Florida’s “Stop WOKE Act” is about White people’s comfort

When did comfort become our highest aspiration?
March 21, 2022
(Photo © Björn Forenius / iStock / Getty)

Getting people good and scared is a great way to pass controversial legislation. Convince them that their way of life or thinking is in danger—use fear to arouse and monopolize their brain—and you have the potential to enact absurd legislation. When people are afraid, what they want is protection. And since instilling fear is a lot easier than instilling courage, legislation that promises to protect fear-filled people often gains public traction fast.

The Florida legislature recently passed the Individual Freedom bill, which Governor Ron DeSantis calls the Stop WOKE Act, in which WOKE is an acronym for wrongs to our kids and employees. The bill basically broadens the definition of discrimination to include making another person uncomfortable over historical, factual events that involve people’s race, nationality, or gender.

Ever since critical race theory emerged as a bogeyman of the right, many conservatives have doubled down on the idea that discrimination against White people today is a bigger problem than unfair treatment of racial and ethnic minorities in the past. It’s no secret that far-right conservatives purposely misconstrue CRT as an ideology to indoctrinate people with racial conflict rather than a methodology that might encourage people toward racial literacy. Various legislators and school boards have seized on CRT as an existential threat to America, turning their larger ignorance about the theory itself into shorthand for any teaching lesson that fosters discomfort among White people.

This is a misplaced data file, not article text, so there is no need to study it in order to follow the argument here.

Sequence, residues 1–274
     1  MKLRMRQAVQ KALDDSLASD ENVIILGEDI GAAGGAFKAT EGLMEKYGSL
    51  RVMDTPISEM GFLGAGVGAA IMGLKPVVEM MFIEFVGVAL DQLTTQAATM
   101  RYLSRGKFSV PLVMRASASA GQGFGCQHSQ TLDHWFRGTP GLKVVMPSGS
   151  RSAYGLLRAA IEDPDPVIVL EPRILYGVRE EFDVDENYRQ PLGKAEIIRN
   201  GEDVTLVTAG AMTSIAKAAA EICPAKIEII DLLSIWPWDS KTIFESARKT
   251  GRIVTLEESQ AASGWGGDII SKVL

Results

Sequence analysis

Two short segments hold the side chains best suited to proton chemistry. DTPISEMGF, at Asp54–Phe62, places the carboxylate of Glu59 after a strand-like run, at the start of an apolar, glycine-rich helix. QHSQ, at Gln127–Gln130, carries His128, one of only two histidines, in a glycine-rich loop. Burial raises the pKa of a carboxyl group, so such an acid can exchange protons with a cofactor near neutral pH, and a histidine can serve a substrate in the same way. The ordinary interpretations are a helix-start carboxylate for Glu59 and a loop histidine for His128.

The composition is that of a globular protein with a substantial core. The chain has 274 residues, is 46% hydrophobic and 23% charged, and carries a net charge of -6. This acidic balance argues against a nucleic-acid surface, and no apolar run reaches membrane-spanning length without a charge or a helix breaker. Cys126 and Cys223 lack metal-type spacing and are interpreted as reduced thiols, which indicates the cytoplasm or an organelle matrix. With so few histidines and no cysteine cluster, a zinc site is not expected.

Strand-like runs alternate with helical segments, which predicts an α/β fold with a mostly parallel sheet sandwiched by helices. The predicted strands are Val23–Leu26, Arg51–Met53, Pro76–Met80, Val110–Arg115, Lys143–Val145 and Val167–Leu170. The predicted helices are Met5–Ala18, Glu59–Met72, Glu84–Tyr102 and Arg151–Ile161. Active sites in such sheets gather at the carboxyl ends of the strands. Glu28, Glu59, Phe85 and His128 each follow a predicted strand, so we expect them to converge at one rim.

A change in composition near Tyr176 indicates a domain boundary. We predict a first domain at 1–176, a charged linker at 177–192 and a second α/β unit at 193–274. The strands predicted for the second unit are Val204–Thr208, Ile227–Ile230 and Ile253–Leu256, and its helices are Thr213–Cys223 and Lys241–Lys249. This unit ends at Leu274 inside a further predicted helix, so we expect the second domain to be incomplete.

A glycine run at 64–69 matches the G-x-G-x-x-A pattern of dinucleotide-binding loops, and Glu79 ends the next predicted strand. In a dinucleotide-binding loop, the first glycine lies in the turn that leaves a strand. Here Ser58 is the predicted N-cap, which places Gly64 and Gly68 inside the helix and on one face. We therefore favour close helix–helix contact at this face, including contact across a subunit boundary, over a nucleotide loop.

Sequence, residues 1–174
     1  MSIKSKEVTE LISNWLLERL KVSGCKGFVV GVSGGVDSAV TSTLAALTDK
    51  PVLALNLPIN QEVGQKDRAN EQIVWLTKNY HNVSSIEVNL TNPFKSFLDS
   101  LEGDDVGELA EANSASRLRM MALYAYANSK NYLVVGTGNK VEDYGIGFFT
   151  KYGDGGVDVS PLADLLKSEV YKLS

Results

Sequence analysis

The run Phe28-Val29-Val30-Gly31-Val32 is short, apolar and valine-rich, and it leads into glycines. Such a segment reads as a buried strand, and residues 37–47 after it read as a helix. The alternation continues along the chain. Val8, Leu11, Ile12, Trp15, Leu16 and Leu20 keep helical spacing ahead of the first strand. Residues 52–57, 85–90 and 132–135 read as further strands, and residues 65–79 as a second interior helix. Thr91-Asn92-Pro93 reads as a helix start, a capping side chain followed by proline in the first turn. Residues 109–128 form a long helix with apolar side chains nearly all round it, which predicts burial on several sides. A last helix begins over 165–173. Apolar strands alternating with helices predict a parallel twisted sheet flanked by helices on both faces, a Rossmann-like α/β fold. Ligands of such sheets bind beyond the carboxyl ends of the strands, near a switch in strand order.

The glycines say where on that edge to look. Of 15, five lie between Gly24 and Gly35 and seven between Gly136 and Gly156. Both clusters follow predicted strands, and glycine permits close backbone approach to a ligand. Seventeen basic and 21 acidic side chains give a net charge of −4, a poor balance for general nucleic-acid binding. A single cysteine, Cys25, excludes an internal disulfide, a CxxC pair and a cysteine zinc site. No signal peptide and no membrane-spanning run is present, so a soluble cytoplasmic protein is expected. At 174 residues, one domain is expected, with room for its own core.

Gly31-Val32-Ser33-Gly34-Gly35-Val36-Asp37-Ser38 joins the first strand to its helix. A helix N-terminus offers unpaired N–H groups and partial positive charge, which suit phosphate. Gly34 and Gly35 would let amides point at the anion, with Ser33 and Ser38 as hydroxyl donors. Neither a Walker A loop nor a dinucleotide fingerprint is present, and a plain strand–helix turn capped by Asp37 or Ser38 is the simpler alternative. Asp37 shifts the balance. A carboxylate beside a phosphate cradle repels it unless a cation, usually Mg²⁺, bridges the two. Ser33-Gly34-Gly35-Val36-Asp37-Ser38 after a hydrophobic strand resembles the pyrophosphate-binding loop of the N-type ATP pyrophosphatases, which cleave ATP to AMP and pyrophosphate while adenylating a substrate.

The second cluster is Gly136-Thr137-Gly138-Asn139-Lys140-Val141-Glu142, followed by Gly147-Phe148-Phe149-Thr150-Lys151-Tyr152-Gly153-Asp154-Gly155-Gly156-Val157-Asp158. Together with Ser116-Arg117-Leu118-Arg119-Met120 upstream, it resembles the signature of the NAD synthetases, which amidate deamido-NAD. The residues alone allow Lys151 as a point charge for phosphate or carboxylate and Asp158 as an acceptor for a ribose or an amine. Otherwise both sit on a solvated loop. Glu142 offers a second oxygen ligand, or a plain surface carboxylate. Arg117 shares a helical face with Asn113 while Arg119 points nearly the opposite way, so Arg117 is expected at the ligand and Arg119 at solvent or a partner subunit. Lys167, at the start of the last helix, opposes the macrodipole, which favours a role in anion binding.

In his pugnacious way, DeSantis has pushed relentlessly for culture wars to assume center stage. CRT tops his list. In December, he told reporters that “teaching kids to hate their own country and to hate each other is not worth one red cent of taxpayer money.” Who would’ve imagined that teaching children about African captives brought over on slave ships, in addition to European colonists coming over on other ships, would constitute teaching hatred of America? But that’s where this culture war has taken so many. If you want to kill a contrived threat, just get people good and scared, and then pass bizarre legislation to give them a sense of protection.

The most urgent question surrounding bills like the one in Florida may be this: When did comfort become our highest national aspiration as a people? Numerous political leaders seem willing to elevate comfort above truth, historical integrity, and even what’s optimal for healing our nation’s historic wounds. Yet I’m not aware of any good definition of either citizenship or faithful Christian living that treats comfort as a nonnegotiable entitlement. Do we really need laws to protect us from being uncomfortable? Learning both the good and bad of our nation’s history is a splendid way to strengthen democracy and become deeper people.

I get uncomfortable looking at photos of lynchings and police dogs attacking teenage girls in bobby socks. I get queasy every time I think of the injustice—or is it the crime?—of Black veterans being excluded from the GI Bill or suffering the generational consequences of discriminatory mortgage policies. Contemplating decades of Jim Crow cruelty turns my stomach. But I’ve decided that learning to be comfortable with discomfort is one of the most important skills for leading a fulfilling life. Comfort by itself may make us content, but also stagnant and insular. Embracing a certain measure of discomfort turns out to be a beautiful way to grow and expand our lives.

A version of this article appears in the print edition under the title “White people’s comfort.”